You may be surprised to learn what was worrying the citizens of Chapel Hill and Carrboro in 1958. Our most recent additions from the Chapel Hill News Leader, supplied by our partner, the Chapel Hill Historical Society, touch on everything from the University of North Carolina at Chapel Hill, civil rights, alcohol laws, and policing to some new technologies arriving the city.
One of the first big stories breaks about midway through the year: the parking meter debacle. Apparently, the Chapel Hill Board of Aldermen had been tossing around the idea of installing parking meters for a couple of years, and the decision to finally do it happened in 1958. Local businessmen immediately pushed back, arguing that instituting paid parking would hurt their businesses.
Apparently, everyone could agree on the fact that the parking meters were ugly, but the author of the article, Roland Giduz, speculated that complaints about the meters would die down once everyone realized how much they improve traffic (spoiler alert: that doesn’t really happen based on the coverage that follows).
Just below the meter gripes article is another big story of the year: school integration. It describes two issues for an upcoming school merger election: first, whether Black students would attend Carrboro Elementary School, and second, whether the Chapel Hill School Board would charge $30 tuition for students from Carrboro. (Note: more materials about Carrboro Elementary School were also uploaded in this batch, including architectural plans and a document of education specifications).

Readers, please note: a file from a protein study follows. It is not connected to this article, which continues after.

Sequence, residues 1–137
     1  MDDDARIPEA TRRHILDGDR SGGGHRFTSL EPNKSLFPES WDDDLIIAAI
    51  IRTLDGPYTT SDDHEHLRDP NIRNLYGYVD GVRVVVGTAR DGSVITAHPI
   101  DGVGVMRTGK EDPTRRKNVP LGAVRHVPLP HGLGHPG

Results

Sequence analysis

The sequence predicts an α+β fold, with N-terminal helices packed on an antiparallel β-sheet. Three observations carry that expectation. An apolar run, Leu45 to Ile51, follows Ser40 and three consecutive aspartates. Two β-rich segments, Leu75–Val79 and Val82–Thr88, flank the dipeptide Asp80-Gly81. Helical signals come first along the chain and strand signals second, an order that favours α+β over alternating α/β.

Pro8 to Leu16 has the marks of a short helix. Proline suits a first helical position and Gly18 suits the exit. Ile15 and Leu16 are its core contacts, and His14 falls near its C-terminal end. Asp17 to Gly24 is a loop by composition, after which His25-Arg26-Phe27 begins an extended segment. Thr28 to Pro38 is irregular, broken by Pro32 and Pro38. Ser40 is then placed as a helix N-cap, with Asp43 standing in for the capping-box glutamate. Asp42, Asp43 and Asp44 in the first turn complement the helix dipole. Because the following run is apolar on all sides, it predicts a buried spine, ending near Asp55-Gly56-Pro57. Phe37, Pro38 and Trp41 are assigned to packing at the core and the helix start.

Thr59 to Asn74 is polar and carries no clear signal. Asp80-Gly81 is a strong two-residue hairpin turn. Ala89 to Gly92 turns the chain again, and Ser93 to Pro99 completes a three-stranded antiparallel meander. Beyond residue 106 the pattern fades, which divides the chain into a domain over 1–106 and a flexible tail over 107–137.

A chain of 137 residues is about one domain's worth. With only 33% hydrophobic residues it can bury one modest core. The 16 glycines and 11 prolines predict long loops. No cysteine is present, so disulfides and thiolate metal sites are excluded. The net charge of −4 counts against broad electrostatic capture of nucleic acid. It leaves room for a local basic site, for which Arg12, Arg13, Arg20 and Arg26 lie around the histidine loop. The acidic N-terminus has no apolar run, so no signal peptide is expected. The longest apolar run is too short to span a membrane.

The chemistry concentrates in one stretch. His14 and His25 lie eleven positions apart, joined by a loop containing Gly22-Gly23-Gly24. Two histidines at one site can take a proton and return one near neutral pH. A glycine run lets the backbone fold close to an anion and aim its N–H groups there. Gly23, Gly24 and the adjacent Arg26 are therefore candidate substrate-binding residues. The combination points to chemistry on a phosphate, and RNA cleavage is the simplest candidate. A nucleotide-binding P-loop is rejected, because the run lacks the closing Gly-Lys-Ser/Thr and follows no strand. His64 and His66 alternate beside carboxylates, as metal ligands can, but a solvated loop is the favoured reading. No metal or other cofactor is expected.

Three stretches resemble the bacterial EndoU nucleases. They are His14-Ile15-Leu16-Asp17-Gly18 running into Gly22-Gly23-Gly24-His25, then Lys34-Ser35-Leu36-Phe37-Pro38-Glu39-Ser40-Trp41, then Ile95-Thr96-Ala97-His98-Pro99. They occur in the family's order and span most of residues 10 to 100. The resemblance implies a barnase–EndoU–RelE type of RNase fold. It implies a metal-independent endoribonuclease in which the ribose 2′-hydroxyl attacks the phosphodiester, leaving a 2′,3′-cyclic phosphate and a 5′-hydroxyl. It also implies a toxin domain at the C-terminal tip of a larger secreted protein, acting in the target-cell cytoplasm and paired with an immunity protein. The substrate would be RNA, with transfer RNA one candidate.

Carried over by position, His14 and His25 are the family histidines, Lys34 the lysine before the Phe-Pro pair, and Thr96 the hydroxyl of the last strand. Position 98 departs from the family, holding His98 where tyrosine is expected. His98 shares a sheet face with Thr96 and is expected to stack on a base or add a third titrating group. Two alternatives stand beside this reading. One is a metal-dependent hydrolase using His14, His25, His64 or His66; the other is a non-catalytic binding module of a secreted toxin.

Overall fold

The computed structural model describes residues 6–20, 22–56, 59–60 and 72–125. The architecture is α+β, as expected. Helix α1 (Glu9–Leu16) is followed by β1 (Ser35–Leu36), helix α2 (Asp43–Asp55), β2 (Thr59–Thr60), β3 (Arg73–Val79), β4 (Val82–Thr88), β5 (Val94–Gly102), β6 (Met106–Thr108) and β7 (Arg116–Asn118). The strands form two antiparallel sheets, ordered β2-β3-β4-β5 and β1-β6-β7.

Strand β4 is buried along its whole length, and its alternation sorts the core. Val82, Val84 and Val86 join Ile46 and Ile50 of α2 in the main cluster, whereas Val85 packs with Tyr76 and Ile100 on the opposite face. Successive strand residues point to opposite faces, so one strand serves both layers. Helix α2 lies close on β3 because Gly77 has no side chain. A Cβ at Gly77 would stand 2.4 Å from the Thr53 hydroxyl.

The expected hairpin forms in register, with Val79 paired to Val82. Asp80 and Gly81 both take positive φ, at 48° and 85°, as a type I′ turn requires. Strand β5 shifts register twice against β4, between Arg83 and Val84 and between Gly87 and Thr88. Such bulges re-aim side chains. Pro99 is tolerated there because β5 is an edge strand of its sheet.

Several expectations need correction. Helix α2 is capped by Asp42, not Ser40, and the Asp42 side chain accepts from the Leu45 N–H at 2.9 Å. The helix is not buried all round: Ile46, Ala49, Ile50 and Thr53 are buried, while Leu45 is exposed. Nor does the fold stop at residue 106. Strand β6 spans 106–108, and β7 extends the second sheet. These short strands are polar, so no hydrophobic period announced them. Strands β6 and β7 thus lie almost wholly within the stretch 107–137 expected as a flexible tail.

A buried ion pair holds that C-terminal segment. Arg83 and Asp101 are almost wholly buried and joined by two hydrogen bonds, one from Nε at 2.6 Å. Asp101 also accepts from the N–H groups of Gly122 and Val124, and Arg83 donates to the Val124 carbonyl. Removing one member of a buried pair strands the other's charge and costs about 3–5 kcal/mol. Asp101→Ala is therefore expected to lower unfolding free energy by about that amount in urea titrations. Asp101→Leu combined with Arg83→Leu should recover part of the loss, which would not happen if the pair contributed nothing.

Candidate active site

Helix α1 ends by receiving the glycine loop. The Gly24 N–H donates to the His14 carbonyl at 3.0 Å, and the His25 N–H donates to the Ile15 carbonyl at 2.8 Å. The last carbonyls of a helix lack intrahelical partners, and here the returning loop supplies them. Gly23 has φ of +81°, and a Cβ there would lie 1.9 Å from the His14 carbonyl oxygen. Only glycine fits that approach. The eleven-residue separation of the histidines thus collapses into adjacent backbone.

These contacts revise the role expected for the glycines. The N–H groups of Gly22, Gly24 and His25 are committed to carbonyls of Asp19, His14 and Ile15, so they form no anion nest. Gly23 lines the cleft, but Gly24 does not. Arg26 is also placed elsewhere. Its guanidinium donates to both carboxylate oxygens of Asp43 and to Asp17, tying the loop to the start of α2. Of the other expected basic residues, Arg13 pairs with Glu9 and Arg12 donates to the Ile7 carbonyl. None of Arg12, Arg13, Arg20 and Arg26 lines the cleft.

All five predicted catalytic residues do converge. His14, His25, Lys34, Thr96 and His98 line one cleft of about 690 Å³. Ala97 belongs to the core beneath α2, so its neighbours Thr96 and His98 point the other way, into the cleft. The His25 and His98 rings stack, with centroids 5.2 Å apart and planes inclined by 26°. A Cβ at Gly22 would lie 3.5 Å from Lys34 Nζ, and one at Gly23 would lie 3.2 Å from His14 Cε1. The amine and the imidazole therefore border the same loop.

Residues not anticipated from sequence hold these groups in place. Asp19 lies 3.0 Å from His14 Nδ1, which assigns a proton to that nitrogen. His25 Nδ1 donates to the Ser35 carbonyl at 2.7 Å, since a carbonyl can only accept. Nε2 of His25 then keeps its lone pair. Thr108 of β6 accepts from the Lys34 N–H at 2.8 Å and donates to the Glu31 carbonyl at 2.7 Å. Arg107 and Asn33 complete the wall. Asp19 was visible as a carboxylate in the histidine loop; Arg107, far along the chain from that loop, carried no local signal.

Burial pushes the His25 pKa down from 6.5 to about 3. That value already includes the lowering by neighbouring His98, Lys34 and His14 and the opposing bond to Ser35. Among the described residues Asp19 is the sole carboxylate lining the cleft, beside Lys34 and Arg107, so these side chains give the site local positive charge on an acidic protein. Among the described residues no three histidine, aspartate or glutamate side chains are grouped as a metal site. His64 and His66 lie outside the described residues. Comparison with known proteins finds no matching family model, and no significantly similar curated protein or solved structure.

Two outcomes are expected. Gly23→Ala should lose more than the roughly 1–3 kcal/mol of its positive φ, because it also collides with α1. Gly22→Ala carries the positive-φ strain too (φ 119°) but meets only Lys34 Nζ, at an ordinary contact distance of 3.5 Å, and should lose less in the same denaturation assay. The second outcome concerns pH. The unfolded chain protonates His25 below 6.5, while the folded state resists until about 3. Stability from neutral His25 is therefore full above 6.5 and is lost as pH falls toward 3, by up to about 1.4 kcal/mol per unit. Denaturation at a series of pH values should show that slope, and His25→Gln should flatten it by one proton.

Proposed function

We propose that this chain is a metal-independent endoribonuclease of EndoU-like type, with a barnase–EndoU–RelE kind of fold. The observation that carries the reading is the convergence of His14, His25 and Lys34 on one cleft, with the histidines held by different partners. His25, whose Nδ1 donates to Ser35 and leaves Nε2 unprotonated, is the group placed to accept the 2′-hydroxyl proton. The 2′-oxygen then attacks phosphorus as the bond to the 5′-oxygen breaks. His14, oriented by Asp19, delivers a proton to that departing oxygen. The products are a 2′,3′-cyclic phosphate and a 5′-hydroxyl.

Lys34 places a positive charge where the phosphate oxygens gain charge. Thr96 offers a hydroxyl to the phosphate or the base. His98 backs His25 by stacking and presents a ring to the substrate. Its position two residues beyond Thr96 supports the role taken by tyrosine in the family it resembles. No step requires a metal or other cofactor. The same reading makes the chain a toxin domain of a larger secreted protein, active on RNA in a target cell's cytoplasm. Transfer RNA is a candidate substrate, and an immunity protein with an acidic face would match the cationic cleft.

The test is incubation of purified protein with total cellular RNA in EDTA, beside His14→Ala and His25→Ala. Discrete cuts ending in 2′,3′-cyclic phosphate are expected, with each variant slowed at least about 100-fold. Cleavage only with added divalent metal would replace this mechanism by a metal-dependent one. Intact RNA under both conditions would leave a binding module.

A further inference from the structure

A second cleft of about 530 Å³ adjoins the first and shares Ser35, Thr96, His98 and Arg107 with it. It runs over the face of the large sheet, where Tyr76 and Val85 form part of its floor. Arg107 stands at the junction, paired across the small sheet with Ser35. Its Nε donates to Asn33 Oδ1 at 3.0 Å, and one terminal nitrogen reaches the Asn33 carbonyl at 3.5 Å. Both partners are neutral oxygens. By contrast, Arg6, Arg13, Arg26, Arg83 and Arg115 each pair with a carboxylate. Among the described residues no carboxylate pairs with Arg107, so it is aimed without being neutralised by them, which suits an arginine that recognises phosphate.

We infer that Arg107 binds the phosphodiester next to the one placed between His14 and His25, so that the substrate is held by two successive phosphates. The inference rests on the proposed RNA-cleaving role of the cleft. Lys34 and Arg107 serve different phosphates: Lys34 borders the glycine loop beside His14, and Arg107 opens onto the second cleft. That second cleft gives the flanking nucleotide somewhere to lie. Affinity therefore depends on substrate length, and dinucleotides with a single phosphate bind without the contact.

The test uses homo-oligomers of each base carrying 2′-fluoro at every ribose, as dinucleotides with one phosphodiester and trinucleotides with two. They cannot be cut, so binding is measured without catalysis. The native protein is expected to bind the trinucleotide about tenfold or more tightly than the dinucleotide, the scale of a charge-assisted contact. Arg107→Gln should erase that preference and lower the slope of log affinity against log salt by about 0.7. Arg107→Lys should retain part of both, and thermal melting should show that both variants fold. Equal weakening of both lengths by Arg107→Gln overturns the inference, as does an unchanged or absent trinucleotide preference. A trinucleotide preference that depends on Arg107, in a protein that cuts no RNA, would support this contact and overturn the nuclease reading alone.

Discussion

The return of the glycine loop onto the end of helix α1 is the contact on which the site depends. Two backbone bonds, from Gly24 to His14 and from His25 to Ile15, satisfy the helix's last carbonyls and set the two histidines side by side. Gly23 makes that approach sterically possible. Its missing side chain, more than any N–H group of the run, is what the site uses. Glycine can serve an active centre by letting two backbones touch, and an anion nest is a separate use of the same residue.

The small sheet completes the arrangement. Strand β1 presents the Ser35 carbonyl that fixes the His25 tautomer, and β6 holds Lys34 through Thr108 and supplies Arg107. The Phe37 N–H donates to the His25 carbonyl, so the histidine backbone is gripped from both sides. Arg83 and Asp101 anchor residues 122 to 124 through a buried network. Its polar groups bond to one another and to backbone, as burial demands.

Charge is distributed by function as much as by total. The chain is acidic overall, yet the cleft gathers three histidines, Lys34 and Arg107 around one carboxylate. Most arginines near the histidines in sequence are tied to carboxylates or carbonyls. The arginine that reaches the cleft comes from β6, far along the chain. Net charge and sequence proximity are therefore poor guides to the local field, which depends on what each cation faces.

The earlier articles that this one refers to (from May 22, 1958) don’t mention race until the very last line: “As to the general pupil assignment policy for next year, [Mr. Culbreth] said that he anticipated that the Board would re-adopt the existing regulations, whereby racial segregation has been maintained.” As the July article notes, this is four years after the Brown v. Board Supreme Court decision declaring racial segregation in public schools unconstitutional.
The issue gets a more personal focus in the September 11, 1958 issue, when the Orange County School Board denied Lee and Lattice Vickers’ child admittance to the then all-white Carrboro Elementary School. The Vickers’ case was set against the backdrop of ongoing school assignment problems, with neighboring school systems fighting each other over pupil placement and resources.
The fight to racially integrate schools in Chapel Hill (and throughout North Carolina) continued well into the 1960s, and, sadly, none of the community papers that we have from the area extend past 1963. One of the latest articles available, from The Chapel Hill Weekly, reports a survey of Southern business leaders and how their perspective on industry shaped their views on the matter.
But, in 1958, public school integration was still competing for front page space with—you guessed it—parking meters.
Another major debate in the community during this time was over the sale of alcohol. North Carolina was ahead of the curve of prohibition, outlawing the sale and manufacture of alcohol in 1909 (a decade before the national amendment). And, even after the repeal of prohibition in 1933, the Alcoholic Beverage Control system wasn’t created until 1937. (To this day, Graham County remains a “dry” county). In 1958, there was still a lot of resistance to the ABC setting up shop.